Father Austin says the water crisis in his country is acute but the Malawi government provides little help. “Every day in my country the people complain we have no running water. The government depends on donors from outside,” to address infrastructure problems, he says. “At the moment there are a number of problems the government is facing. The government is completely broke.”

Appeals to the United Nations have been unsuccessful, Austin says. Proposals have been submitted but the response is always that the UN is involved in innumerable projects and it is unable to help.

Malawi is a land-locked country about the size of Pennsylvania, with a population of nearly 13 million. Annual per capita income was $340 in 2015 according to the World Bank. “In these desperately poor areas of low density and subsistence farming,” Austin says, “it’s less than that. A dollar a day is a lot of money there.”

People begin standing in line at 3 a.m.. “We are so hopeful that there will be a day when things will be improved in my home village,” he says. “They won’t be fighting to get water. There’s always fighting because everybody wants to get good water.”

During the dry season from May to October, there is virtually no rainfall in Malawi. Contaminated water is a leading cause of diarrhea, dysentery and cholera, contributing to nearly 9,000 deaths per year, including 4,500 children under 5, according to the World Bank. Worldwide, diarrhea diseases contribute to more than a million deaths per year of children under 5, according to UNICEF.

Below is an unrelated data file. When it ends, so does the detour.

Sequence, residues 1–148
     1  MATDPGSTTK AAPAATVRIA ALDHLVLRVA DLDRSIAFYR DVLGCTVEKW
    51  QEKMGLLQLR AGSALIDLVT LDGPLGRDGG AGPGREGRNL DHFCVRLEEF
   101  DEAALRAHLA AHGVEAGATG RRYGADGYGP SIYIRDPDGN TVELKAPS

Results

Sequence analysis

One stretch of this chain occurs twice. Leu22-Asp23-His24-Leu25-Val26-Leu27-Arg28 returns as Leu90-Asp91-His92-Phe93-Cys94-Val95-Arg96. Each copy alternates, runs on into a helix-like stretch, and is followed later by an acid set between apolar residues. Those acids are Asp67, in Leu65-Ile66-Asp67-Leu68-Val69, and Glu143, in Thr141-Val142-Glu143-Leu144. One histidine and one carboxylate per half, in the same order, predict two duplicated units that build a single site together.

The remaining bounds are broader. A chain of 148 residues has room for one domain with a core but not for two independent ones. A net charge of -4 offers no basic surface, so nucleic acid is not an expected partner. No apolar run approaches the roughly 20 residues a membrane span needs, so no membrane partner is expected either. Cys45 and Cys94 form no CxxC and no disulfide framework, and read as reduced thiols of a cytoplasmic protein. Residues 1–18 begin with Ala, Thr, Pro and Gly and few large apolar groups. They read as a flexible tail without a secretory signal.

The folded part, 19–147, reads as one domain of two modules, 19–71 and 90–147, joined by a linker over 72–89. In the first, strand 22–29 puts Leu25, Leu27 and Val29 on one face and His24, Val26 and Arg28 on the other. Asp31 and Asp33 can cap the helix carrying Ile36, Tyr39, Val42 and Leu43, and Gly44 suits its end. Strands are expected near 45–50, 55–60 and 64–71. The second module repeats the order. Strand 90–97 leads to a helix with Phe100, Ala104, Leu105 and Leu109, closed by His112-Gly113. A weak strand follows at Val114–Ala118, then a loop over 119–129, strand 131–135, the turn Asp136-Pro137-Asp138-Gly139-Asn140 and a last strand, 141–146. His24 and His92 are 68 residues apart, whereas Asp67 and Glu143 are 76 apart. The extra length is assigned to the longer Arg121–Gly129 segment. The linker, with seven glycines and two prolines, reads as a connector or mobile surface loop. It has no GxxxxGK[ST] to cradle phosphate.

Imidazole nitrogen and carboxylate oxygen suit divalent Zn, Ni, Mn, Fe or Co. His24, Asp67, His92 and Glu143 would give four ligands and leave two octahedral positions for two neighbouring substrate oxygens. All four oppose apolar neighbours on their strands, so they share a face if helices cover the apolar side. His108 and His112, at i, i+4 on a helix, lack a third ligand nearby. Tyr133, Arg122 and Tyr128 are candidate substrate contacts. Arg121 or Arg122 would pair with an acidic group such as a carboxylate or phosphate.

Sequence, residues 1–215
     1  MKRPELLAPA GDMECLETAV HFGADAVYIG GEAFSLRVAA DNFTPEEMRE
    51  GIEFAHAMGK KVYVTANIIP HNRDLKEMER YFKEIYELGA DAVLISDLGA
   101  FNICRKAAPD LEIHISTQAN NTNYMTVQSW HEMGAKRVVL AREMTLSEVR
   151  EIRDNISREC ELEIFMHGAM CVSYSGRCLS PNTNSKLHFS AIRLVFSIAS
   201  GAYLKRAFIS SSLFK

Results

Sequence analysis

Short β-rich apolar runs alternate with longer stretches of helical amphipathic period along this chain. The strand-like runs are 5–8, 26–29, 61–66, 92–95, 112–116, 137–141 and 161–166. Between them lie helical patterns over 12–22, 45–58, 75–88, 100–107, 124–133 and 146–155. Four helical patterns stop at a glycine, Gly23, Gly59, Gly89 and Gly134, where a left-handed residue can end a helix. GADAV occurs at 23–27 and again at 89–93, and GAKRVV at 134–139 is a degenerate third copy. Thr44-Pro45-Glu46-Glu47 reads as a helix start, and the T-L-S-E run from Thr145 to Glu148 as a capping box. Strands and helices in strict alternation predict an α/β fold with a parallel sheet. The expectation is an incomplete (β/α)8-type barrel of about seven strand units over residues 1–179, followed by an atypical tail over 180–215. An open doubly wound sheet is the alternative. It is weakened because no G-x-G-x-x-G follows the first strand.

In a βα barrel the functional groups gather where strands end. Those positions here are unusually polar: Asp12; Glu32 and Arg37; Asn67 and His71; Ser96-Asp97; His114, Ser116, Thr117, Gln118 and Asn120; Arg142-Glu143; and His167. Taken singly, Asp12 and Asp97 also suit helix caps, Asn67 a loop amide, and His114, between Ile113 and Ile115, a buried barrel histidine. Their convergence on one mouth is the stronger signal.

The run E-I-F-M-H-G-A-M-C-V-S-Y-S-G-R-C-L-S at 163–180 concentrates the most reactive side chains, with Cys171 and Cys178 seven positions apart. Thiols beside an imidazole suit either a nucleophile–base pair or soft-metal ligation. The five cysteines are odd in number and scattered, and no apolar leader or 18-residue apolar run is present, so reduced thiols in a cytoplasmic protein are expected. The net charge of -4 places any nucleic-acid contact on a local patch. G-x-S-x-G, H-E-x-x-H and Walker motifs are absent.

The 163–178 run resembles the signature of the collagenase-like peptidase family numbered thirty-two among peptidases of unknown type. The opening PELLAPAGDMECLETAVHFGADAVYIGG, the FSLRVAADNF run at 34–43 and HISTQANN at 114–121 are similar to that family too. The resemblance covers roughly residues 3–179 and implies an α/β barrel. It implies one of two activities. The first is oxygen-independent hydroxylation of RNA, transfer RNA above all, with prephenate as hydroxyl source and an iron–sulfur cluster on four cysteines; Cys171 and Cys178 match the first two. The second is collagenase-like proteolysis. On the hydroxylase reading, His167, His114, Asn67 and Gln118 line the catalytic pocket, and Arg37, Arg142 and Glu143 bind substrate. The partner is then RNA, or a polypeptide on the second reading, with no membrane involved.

Powell says that working with Austin at the hospice and listening to his stories inspired him to do something. “For several years we have been talking about how desperate the plight of those people are. A lot of families are occupying hours and hours and hours of their day just sourcing out water and not doing anything else that’s productive. The infusion of a few dollars in Malawi to drill a simple well – so people can at least water their gardens and drink a glass of clean healthy water – will have a startling effect.”

MFI’s ambition goes well beyond a few wells. It has partnered with a farmer’s group in Malawi to coordinate efforts and identify the most acute needs. Once villages have sustainable healthy water, MFI plans to advise villagers on ways to become more efficient and productive with their farming and upgrade their tools and methods. “This will allow for marketing their crops to produce income,” Powell says. “Right now it’s subsistence farming. Eventually, hopefully with a rich water supply, they will be able to generate income so that their standard of living will rise.”

Through appeals to friends and family, MFI has raised enough money to drill its first well in the village of Chokani during the upcoming dry season. The average cost of a deep water well is $7500, but that can vary widely depending on the local geography, the depth, and the underground geology. The group is holding its first fundraiser, an Italian dinner with entertainment, on March 19 at St. Paul’s Church Hall in West Haven, CT. Tickets can be purchased directly from their website through this link.

Water is something the overwhelming majority of U.S. citizens take for granted. With a twist of your hand, it’s there on demand. For people in the villages of Chikwawa, that would be a luxury. Just installing a permanent well to pump clean water on demand, “will change their whole standard of living,” Powell says. “Their health, their longevity, their prospects for the future. You’ll be able to see the effects; you’ll be able to feel the effects, almost immediately. We have no paid staff. Every dollar that comes in to us will be for drilling.”

MFI is a 501c3 charity recognized by the state of Connecticut and the federal government.

For more information, go to www.malawifarmersinc.org.

Share

The Blue Oar: Enjoy a Tropical Feel at River Eatery in Haddam

Looking across the vibrant patio of 'The Blue Oar' towards the Connecticut River.

Looking across the vibrant patio of ‘The Blue Oar’ towards the Connecticut River.